The Senate has said it is too early to question President Muhammadu Buhari's silence on the cases of Coronavirus in the country following a call by the lawmakers on Wednesday.
The Senate's spokesperson, Godiya Akwashiki, said this during a press briefing on Thursday.
His comment comes barely 24 hours after the Senate called on the president to address the nation, as other world leaders have, on the outbreak of coronavirus in the country.
Nigerians have chided the president for failing to address the nation like his counterparts across the globe.
Presidents of countries like Ghana, South Africa and Zimbabwe have addressed their nations. But Mr Buhari has kept mum since the outbreak of the pandemic.
The presidency has, however, defended the president's seeming aloofness.
The Minister of Information, Lai Mohammed, said it is not yet the appropriate time for the president to address the nation.
Mr Akwashiki was asked if there was any time frame for the president to act on the Senate's resolution of Wednesday to address the nation.
In his response, the lawmaker explained that the Senate's resolutions go through a process and "one cannot expect the president to act immediately".
"You don't just give an information and in 24 hour you expect the president to act. If we make resolution, we have to communicate the president. It is the prerogative of the clerk to communicate the adviser of National Assembly matters of office of the president.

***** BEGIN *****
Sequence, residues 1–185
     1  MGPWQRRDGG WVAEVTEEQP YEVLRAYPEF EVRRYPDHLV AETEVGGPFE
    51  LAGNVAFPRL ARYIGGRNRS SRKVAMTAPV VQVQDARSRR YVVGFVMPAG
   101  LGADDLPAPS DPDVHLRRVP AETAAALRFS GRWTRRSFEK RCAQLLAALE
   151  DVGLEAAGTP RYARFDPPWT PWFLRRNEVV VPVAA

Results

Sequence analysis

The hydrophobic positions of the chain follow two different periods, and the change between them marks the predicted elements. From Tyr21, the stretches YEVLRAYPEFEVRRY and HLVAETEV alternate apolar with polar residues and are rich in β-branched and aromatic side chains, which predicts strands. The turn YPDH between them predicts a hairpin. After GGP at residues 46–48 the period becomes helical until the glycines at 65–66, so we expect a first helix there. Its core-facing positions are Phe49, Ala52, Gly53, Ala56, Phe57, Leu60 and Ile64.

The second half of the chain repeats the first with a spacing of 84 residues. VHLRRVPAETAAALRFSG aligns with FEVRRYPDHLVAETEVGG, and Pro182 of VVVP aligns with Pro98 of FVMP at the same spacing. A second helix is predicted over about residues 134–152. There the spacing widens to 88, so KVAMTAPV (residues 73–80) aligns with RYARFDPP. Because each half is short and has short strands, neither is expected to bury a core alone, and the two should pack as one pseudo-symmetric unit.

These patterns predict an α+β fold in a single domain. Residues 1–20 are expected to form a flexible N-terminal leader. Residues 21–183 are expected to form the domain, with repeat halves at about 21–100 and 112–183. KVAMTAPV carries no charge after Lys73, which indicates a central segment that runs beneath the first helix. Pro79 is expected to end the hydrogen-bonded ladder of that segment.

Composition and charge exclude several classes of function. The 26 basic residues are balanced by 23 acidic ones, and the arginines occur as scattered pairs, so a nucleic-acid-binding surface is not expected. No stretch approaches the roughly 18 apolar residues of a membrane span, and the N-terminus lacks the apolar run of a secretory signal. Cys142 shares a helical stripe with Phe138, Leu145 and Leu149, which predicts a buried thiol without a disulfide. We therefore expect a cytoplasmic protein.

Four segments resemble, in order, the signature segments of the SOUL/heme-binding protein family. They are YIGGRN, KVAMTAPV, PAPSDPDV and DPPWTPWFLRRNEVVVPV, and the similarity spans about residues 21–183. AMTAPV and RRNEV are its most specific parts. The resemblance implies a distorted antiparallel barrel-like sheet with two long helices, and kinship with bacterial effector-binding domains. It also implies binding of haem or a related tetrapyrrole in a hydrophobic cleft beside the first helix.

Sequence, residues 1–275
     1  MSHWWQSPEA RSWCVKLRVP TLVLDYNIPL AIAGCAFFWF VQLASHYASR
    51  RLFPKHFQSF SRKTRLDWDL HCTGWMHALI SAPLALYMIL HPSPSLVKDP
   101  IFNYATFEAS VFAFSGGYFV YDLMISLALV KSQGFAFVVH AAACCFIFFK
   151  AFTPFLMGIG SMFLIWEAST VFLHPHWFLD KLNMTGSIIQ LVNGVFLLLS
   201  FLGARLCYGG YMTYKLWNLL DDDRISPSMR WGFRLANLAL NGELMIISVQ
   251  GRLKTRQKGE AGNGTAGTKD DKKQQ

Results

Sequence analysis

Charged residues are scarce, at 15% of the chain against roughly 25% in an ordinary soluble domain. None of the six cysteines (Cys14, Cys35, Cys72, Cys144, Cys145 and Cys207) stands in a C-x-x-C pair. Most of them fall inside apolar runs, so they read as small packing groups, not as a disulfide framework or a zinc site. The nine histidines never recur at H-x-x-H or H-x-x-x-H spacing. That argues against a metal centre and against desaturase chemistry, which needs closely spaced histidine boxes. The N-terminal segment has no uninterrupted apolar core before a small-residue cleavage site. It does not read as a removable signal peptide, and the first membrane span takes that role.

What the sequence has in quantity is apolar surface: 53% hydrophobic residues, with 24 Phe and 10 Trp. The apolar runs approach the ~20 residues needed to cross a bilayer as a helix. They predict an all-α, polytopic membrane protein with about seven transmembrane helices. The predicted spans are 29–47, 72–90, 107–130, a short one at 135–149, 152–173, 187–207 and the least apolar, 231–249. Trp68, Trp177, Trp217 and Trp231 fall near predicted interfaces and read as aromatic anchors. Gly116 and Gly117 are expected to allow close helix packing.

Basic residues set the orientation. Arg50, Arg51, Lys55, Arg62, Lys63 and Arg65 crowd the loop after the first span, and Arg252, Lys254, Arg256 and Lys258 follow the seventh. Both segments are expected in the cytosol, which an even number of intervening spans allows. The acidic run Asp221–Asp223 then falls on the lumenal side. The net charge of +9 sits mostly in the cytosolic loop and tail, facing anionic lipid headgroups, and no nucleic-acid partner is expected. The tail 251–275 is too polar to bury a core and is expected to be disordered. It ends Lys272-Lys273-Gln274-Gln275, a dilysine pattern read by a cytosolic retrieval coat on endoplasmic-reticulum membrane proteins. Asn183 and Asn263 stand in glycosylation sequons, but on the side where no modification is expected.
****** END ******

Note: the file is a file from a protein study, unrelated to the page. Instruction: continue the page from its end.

"I want to believe the President is studying that resolution. Today is Thursday, it is too early for us to question why the President has not addressed the nation.
"I want to believe in the next one week if he doesn't address the nation, the leadership of the Senate will engage the Executive arm of Government because it is a serious issue," he said.
He pleaded with Nigerians to be patient with the president.
Mr Buhari has also been criticised for not showing empathy with victims of an explosion that rocked Lagos recently.
Returning senators to undergo tests
Mr Akwashiki also said there is a directive for every senator that travelled abroad to undergo tests for the virus.
This, he said, is one of the decisions taken by the lawmakers during the closed door session on Thursday.
"Senate President urged the 109 senators... those that just returned from foreign trips, to go and do the test from tomorrow because as leaders we should show example to others.
"It is better to be late than never. We all matured people, we don't need somebody to tell you what to do."
When asked if the National Assembly will be shut down any moment, he said the leadership is yet to make such decision.
Already, the Senate President, Ahmad Lawan, announced that suspension of all public heatings and excursions to the legislative complex indefinitely.
He also said the gallery will remain closed to visitors until further notice.